Digital Minefield

Why The Machines Are Winning

The Word On Passwords

Many computers require a password to operate. When there are multiple users—or just many people with physical access—passwords make sense. When you’re home alone with your personal computer, they don’t. Either way, it’s possible to boot up a PC and acquire its files without providing a password. So, do passwords provide real security or just a blanket?

In the secure environment of large computers, passwords are essential. Since few people have physical access, boot up bypass is not a problem. But many people have remote access, and therein lies the larger problem. However, passwords are only as good as their maintenance. One of the biggest hacks of sensitive computers back in the 80s was possible largely because systems administrators didn’t change the factory’s default passwords. (See The Cuckoo’s Egg, by Clifford Stoll.)

Today’s personal computers (or cell phones or tablets) may not really need passwords for access, but they all demand passwords for the many Internet sites they visit. Some people try to get away with one password for everything. Others use easy to remember passwords, e.g.., birthdays that are easy to detect. A third shortcut that makes hacker’s work easier is using common words.

The demand for passwords (and security questions, etc.) expanded so fast that password management quickly got out of hand. I’ve seen experts recommend not keeping passwords in your computer, using paper instead. How many sticky notes can you keep track of? There are some good, free password management (and password generator) programs. Less complicated is keeping them in a password-protected encrypted file. My file has well over 50, and now I only have to remember its password.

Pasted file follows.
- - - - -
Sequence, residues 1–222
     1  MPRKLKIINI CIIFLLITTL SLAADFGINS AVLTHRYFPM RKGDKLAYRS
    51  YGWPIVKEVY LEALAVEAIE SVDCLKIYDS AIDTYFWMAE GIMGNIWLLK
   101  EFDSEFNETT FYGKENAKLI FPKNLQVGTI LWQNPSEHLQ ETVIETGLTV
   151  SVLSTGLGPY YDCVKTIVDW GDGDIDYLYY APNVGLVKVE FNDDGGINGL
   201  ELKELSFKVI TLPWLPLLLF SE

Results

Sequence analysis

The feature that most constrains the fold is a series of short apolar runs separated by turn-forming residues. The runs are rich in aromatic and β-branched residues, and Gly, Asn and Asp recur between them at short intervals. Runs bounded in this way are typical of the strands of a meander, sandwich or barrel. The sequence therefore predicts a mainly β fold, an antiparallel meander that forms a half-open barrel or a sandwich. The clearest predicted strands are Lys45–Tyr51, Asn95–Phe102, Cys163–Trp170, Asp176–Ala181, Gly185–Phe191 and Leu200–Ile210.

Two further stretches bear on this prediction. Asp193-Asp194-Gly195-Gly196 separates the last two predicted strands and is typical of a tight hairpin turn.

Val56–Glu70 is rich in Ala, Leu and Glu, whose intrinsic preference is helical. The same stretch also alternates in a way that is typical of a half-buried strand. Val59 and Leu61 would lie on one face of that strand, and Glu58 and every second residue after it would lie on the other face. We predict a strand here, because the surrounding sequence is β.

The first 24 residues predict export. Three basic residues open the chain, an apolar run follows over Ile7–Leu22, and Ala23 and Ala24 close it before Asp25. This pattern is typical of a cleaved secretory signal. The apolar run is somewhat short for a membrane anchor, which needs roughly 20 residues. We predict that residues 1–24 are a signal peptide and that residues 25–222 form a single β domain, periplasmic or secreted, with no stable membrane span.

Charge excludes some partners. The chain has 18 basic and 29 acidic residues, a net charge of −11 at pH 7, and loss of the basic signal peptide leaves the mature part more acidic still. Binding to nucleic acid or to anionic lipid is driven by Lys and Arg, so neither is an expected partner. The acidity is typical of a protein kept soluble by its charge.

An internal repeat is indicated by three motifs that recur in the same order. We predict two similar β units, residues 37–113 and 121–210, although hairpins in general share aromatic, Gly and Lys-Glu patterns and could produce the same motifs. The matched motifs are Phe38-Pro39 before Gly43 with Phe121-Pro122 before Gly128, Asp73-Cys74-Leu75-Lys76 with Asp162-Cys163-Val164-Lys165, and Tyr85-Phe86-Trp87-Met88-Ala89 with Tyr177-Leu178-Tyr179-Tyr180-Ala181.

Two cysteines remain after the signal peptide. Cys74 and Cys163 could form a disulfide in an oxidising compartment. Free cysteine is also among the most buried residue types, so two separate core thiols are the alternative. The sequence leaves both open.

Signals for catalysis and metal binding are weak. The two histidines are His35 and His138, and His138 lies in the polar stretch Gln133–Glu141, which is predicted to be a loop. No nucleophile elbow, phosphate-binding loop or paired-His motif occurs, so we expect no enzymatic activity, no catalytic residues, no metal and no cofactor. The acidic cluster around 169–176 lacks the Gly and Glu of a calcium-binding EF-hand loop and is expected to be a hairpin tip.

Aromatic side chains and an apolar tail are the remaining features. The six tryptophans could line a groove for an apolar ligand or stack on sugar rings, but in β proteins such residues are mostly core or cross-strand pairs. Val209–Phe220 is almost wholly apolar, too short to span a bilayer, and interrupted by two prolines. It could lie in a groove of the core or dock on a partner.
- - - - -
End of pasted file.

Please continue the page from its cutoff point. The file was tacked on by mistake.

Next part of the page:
In addition, the program I use to protect that file gives me the option of seeing the password as I type. Why not, since no one’s looking over my shoulder? It’s a simple option but rarely offered. Wouldn’t you know if someone can see what you type? Yet, that option is available for less than 10 percent of requested passwords online. Why?

The big problem with passwords is remembering them. A password file (or program or some system) doesn’t strain your brain. And you can copy the password from a file and paste it in when requested. No more typing errors means you can use more complex passwords. That’s security.


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